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The Great, New Opportunity for British Booze

Articles The Great, New Opportunity for British Booze

Brexit is a disaster. But not everyone is going to lose out.

Brexit is shit. I might never believe anything written on a bus again. Every time I buy Viennoiserie I worry that a group of old, white men will accost me, throw my pastry to the floor and force scones into my pockets. At least it’s kept our politicians too busy to do anything political.

Let’s look for positives, shall we? Can’t go around all day moaning about our impending civil implosion and demotion from international relevancy, can we. Best to maintain that stiff upper lip, keep calm and…ugh…kill me…

In times of crisis, entrepreneurial types see opportunity. And, for those that make booze, one of the great opportunities that Brexit has thrown up is to replace mainstays imported from the continent.

Wetherspoons, the Brexit-iest of bars, decided to swap out anything European for British non-European equivalents in June 2018. Here’s one of my favourite quotes from that press cycle, courtesy of Wetherspoons CEO and imaginatively myopic impresario of all things isolationist:

“This move helps us to broaden our horizons so that we create an improved offer for the two million customers who visit our pubs each week.”

Here’s another:

“All EU products have UK or non-EU replacements, often at equal or better quality and price.”

Cool.

Yes, that means you Galliano.

Irrespective of your political leanings, there’s a good chance that imported alcohol will be subject to price hikes post-Brexit which, coupled with a likely, media-lead shift in sentiment towards all things British, could very well reset the marketplace.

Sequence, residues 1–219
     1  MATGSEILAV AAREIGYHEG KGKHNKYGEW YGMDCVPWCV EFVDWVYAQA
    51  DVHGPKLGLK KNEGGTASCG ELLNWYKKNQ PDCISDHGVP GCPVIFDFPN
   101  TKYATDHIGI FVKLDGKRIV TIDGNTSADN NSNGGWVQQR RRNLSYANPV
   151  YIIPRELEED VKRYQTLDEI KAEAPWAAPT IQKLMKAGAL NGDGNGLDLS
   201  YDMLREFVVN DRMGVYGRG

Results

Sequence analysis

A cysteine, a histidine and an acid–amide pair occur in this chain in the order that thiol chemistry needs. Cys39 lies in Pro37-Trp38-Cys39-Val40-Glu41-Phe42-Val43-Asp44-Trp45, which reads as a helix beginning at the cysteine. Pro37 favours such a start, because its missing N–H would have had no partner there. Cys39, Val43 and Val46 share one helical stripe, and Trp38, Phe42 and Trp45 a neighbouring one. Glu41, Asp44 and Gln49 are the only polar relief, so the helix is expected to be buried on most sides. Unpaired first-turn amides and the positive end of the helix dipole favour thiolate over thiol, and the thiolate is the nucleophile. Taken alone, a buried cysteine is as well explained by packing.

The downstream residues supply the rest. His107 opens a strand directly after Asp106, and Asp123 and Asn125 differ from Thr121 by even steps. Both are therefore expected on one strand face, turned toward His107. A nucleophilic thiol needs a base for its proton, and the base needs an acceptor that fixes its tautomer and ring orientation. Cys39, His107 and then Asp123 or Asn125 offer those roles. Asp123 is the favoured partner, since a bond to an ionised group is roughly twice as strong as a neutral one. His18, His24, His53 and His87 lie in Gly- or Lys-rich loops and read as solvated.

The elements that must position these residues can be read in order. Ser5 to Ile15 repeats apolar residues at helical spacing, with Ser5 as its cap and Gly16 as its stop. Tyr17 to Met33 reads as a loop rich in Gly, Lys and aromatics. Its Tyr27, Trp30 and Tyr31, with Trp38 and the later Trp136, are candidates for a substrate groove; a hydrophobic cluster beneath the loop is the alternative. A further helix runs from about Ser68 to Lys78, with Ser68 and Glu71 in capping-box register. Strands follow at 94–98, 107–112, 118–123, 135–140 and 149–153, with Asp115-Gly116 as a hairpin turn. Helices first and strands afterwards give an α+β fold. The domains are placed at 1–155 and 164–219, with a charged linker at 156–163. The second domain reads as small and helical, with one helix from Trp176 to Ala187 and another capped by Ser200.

Plenty of maybe’s in there. But there’s more than enough there to seduce a speculative mind.

I’ve long-wondered how half the bottles on the average back bar found their way there; daydreamed about a travelling Cointreau salesman, or a rarely-seen vermouth advert that prompted publicans up and down the country to order a case or three of the stuff. Yes, Aftershock is still a thing. No, I don’t know if where the market for flavoured Sambuca is.

Let’s forget EU-products for now and focus on non-British drinks. And we’re ignoring wines and spirits in favour of fixing on liqueurs (and bittersweets / Amaros). Here’s a list of regulars that populate British drinks lists:

– Aperol (Italy)

– Baileys (Ireland)

– Benedictine (France)

– Campari (Italy)

– Chambord (France)

– Chartreuse (France)

– Cherry Heering Netherlands)

– Curacao (Varied, Curacao historically)

– Cointreau (France)

– Disaronno (Italy)

– Dubonnet (France)

– Fernet Branca (Italy)

– Frangelico (Italy)

– Galliano (Italy)

– Grand Marnier (France)

– Jagermeister (Germany)

– Kahlua (Mexico)

– Krupnik (Poland)

– Maraschino (Italy)

– Malibu (Barbados)

– Midori (Japan)

– Mozart (Austria)

– Southern Comfort (USA)

– St. Germain (France)

– Tia Maria (Italy, Jamaica historically)

There’s more, of course. And a few of those should be safe from any remodelling of public opinion, but it shouldn’t surprise anyone to see many of these back bar mainstays replaced within the next decade.

What will they be replaced with? British-made equivalents. Adios Kahlua, Hello to Conker Cold Brew Coffee Liqueur; bring on Ableforth’s Cherry Brandy. There’s English Limoncello, English Pastis, English Triple Sec. There’s whatever Unicorn Tears is.

There’s no lack of options on the market, but few have made significant strides into the mainstream. Pimms, Archers, King’s Ginger, whatever Sipsmith are up to these days, Hayman’s do some fun stuff, so do Chase. Wait, is that it?

Like it or not, more brands will break their own ties with products from the EU. When they do, they’ll look to introduce items that have ready-made demand and a current comparable. I’d imagine someone is already scurrying to develop replacements for the anachronistic members of yesteryear’s back bars. Yes, that means you Galliano.

Brexit is a disaster. But not everyone is going to lose out.

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